We take a look into the benefits of massage for horse riders, used alongside heat therapy, to target the four main areas horse riders tend to commonly suffer with Hannah Donnelly, Chartered Physiotherapist BSc (Hons).
The benefits of massage for horse riders.
Massage therapy has been used by therapists for thousands of years. Evidence suggests it is beneficial for a variety of musculoskeletal and health conditions such as:
- Lower back pain (Furlan, 2017).
- Neck and shoulder pain (Kong, 2013).
- Pain from osteoarthritis (Cortés Godoy, 2014).
- Headaches (Happe, 2016) and much more.
The extra physical benefits of massage/soft tissue therapy include:
- Reducing excessive post-exercise muscle tone.
- Increasing range of motion.
- Increasing circulation and nutrition to damaged tissue.
- Deactivating symptomatic trigger points (Brukner and Kahn, 2012).
- There is also evidence to support the treatment of delayed onset muscle soreness (DOMS). The muscle soreness and stiffness we experience the day or two after we have exercised.
The benefits of heat therapy for horse riders.
The theory behind heat therapy is that by increasing the temperature of the skin and soft tissue, vasodilation occurs – this is the widening of blood vessels which leads to an increase in blood flow at a lower pressure. The metabolic rate and the tissue flexibility will also increase. Heat increases oxygen uptake and increases the rate of tissue healing. Randomised control trials have shown that heat-wrap therapy provides short-term reductions in pain and movement restriction in patients with acute lower back pain and provides significantly greater pain relief of DOMS (delayed onset of muscle soreness) than cold therapy (Malanga, 2014). Brukner and Kahn (2012) suggest that heat therapy is most suited for acute pain, muscle spasm, neck pain, and chronic pain and swelling. They advise against the use of heat therapy for people with sensory changes, sensitivity to heat, circulatory problems and heat injuries such as burns.
Horse riders commonly suffer in the following areas:
Lower back pain
Horse riders can build up tension in their lower back through rider/horse imbalance, reduced postural control or repetitive impact, such as jumping. Along with lower back stretches, the Massage Mitt or Massage Mitt Hotspot can be used as demonstrated in the picture below. This can be done either before or after riding, to help prevent DOM’s and relive painful trigger points. A Cochrane review, published in July 2016, suggested that in short‐term follow up, (defined as immediately following treatment, and up to 6 months afterwards) massage therapy produced a moderate to large improvement in subacute (recent) and chronic (long term) low‐back pain and function.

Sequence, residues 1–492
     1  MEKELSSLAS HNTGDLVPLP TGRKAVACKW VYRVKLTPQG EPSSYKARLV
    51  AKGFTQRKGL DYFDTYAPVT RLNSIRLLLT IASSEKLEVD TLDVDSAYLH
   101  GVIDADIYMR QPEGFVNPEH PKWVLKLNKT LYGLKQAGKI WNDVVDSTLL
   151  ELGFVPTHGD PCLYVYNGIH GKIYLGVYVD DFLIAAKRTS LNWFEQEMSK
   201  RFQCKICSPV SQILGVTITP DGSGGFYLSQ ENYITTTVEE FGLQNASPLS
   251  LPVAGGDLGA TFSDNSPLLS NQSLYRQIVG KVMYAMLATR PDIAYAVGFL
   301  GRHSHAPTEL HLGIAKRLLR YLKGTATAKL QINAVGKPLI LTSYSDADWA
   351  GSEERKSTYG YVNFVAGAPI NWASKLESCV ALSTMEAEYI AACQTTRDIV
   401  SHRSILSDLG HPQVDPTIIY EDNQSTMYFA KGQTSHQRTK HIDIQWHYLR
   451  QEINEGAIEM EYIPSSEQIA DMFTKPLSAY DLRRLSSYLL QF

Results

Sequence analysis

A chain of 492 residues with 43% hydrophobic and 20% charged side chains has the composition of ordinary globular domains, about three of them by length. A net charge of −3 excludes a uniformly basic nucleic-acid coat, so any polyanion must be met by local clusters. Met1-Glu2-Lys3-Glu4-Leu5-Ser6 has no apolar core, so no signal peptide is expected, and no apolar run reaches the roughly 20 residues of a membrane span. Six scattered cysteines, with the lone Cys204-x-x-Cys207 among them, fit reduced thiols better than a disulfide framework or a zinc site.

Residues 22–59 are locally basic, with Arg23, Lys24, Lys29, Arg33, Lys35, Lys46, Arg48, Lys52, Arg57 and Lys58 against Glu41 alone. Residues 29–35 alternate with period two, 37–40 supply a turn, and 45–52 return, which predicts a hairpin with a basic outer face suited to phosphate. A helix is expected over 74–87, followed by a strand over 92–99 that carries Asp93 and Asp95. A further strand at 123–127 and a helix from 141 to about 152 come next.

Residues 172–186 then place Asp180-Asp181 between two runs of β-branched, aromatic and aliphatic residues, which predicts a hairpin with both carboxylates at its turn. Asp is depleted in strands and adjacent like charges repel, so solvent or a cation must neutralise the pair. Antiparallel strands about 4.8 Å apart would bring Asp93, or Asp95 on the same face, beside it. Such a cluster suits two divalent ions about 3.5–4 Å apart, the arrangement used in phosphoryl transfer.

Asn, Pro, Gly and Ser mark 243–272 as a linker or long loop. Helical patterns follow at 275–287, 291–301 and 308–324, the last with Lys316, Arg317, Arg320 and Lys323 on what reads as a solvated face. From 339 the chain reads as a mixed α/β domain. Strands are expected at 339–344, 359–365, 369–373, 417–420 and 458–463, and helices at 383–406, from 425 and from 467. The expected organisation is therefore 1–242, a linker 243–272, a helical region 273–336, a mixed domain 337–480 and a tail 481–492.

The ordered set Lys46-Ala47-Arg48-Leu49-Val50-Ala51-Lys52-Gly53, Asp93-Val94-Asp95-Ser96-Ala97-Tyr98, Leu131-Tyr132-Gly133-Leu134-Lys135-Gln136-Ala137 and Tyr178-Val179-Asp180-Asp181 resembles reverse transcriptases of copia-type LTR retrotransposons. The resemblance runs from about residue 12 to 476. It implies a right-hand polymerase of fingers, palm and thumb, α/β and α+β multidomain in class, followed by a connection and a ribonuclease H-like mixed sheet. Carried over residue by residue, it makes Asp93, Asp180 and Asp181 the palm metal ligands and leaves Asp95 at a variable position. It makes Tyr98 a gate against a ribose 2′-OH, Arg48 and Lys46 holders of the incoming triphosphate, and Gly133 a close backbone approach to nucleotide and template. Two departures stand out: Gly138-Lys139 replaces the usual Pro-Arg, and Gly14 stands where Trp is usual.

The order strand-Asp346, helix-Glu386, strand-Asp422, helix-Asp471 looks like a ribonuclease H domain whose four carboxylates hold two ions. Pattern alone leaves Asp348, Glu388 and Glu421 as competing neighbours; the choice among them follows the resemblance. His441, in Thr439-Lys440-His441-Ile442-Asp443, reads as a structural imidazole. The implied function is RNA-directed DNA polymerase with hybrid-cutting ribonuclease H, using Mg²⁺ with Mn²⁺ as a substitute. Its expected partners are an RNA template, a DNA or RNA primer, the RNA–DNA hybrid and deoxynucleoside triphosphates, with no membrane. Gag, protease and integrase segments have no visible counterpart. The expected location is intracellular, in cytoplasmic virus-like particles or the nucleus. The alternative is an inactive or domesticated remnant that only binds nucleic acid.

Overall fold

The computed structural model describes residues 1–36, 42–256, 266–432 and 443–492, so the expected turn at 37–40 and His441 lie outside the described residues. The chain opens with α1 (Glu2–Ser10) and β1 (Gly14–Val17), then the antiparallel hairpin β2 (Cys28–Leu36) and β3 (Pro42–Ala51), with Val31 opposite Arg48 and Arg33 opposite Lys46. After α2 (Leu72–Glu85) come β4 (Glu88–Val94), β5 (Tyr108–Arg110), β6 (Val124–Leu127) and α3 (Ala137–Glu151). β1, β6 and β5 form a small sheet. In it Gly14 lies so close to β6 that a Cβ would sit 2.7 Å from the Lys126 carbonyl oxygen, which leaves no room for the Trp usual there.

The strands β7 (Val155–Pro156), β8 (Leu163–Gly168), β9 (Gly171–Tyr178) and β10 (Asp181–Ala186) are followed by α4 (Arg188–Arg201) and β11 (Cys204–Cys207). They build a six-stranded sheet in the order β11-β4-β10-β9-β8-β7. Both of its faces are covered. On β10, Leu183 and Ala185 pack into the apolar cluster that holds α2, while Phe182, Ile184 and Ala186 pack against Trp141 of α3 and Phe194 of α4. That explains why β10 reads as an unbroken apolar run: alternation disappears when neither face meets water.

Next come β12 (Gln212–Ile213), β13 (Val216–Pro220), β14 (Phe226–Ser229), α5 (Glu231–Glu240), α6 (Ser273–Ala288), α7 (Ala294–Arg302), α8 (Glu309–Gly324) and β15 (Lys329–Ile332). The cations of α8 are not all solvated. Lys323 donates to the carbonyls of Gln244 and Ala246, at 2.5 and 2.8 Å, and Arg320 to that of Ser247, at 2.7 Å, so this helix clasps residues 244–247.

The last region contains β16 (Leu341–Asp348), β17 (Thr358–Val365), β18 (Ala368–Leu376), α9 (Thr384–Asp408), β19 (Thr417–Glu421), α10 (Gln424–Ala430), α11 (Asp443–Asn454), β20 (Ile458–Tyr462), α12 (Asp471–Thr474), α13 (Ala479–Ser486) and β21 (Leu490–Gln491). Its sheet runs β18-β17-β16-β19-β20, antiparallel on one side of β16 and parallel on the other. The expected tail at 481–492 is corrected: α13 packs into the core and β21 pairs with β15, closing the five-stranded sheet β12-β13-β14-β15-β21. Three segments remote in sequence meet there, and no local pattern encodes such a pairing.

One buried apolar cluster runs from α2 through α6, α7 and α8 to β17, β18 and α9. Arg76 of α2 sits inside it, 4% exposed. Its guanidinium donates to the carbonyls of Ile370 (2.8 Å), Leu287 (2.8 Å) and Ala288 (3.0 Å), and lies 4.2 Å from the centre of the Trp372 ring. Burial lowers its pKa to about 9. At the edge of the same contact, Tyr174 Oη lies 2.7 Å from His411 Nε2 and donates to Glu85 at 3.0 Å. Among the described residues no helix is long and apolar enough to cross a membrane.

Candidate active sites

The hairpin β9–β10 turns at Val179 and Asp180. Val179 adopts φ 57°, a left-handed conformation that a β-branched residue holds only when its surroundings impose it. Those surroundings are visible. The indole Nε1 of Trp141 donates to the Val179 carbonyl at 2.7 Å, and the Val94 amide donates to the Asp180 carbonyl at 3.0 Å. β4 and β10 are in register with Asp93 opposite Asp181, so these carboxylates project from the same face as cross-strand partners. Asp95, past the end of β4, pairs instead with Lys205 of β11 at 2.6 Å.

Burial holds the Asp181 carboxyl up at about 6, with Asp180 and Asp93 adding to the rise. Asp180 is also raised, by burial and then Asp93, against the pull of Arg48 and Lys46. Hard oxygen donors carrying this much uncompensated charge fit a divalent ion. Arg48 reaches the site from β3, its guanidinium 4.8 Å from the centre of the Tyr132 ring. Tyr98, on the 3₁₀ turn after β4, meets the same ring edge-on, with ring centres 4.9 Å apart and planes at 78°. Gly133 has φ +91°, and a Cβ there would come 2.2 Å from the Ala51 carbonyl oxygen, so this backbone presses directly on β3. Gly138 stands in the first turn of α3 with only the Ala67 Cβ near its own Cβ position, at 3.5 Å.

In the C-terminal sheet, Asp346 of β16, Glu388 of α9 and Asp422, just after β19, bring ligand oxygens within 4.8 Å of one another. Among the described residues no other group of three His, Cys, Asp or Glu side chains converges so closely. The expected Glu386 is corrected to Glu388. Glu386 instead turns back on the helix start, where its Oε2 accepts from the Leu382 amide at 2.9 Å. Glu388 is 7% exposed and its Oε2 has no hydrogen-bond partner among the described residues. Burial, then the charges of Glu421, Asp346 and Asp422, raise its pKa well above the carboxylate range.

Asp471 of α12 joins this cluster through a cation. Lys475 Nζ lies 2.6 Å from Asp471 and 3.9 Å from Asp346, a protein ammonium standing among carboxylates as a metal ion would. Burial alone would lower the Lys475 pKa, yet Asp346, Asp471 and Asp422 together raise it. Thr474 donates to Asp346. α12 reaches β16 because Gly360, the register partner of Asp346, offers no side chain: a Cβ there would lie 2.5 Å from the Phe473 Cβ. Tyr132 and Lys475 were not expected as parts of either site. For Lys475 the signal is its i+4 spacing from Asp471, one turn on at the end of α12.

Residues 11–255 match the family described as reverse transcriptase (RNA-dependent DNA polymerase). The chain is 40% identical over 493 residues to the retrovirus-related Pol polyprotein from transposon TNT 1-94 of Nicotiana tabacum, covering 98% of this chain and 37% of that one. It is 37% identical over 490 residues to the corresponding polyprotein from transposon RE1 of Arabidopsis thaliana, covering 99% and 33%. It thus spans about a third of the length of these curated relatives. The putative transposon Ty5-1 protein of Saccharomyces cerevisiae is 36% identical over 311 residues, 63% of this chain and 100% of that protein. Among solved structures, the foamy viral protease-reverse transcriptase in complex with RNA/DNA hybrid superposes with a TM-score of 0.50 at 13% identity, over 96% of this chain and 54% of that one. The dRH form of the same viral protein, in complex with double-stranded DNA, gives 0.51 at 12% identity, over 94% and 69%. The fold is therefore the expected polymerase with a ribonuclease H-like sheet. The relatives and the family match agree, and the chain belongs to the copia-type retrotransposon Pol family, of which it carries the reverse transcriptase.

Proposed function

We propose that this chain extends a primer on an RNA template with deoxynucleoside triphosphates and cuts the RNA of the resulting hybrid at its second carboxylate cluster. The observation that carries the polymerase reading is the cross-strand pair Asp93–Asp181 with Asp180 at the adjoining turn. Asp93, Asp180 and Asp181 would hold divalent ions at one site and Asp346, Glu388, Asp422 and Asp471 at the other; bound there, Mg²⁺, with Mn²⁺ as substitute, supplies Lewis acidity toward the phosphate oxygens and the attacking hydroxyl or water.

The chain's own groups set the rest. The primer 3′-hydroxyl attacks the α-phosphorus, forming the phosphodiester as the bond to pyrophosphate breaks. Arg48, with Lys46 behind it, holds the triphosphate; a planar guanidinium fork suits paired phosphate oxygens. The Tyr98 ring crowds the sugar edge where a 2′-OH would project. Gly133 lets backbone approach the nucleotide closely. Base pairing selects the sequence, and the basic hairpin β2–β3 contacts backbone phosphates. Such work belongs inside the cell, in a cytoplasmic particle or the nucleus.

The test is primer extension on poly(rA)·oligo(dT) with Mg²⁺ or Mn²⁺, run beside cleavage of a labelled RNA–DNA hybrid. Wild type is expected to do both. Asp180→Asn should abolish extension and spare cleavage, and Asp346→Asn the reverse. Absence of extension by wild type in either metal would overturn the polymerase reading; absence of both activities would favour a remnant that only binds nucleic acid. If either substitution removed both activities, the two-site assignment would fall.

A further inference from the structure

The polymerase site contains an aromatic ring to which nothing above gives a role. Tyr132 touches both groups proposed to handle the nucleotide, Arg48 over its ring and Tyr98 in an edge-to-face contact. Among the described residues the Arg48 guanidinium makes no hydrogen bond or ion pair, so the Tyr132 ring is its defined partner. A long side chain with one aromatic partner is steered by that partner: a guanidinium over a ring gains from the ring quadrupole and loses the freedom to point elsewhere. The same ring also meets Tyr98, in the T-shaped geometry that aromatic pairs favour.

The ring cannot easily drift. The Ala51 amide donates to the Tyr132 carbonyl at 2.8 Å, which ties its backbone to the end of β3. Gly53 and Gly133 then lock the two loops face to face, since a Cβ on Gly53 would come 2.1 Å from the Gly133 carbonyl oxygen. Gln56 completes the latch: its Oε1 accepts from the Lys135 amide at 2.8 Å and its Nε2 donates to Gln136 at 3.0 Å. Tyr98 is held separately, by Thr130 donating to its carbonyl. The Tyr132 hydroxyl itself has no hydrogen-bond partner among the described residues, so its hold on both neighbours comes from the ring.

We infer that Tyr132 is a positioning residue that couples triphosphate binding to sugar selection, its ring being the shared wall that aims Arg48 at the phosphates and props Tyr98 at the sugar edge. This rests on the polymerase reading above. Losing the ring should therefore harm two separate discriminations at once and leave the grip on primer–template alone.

Trapezius and deep neck flexors:
Horse riders commonly experience pain in their trapezius, shoulders and deep neck flexors. A lot of tension is used in this area by holding the reins and maintaining an upright posture. A meta-analysis (a study that pools results from many smaller studies) by Kong in 2013 showed significant effects of massage therapy for neck pain and shoulder pain compared to inactive therapies. Physiotherapists commonly advise the use of heat/vibration massage in these areas to prevent muscle stiffness and for pain relief. The Massage Mitt or Massage Mitt Hotspot can be used as demonstrated in the picture below, either before or after riding, to target these areas.
Another area that horse riders often feel pain after riding is in their hips. This is because the hips are a vital part of the posture, balance and stability whilst in the saddle. Riders experience hip pain as the hip flexors are working hard to stay evenly upon the horse and control shock absorption when riding. Riders use their seat to control the horse, therefore it is important they are able to do so pain free. If the rider experiences hip pain, it can mean the hip flexors are compensating for the lower back or gluteal muscles. The Massage Mitt or Massage Mitt Hotspot can be used as demonstrated in the picture below, either before or after riding, to prevent tension in these muscles.
An adductor muscle is responsible for drawing the limb towards the midline. Horse riders’ adductors are one of their strongest muscle groups, as they are used to control the horse from the saddle and are used for balance and postural stability. Because of this, horse riders’ adductors can become tense, over worked and sore. This is mostly apparent when we start riding again after some time off! The Massage Mitt or Massage Mitt Hotspot can be used as demonstrated in the picture below, either before or after riding, to prevent tension in these muscles.
Looking for something to help provide massage for horse riders, or massage and heat? Take a look at our Massage Mitt to provide massage. Or the Massage Mitt Hotspot to provide massage and heat therapy.
Both products can be used on your horse too!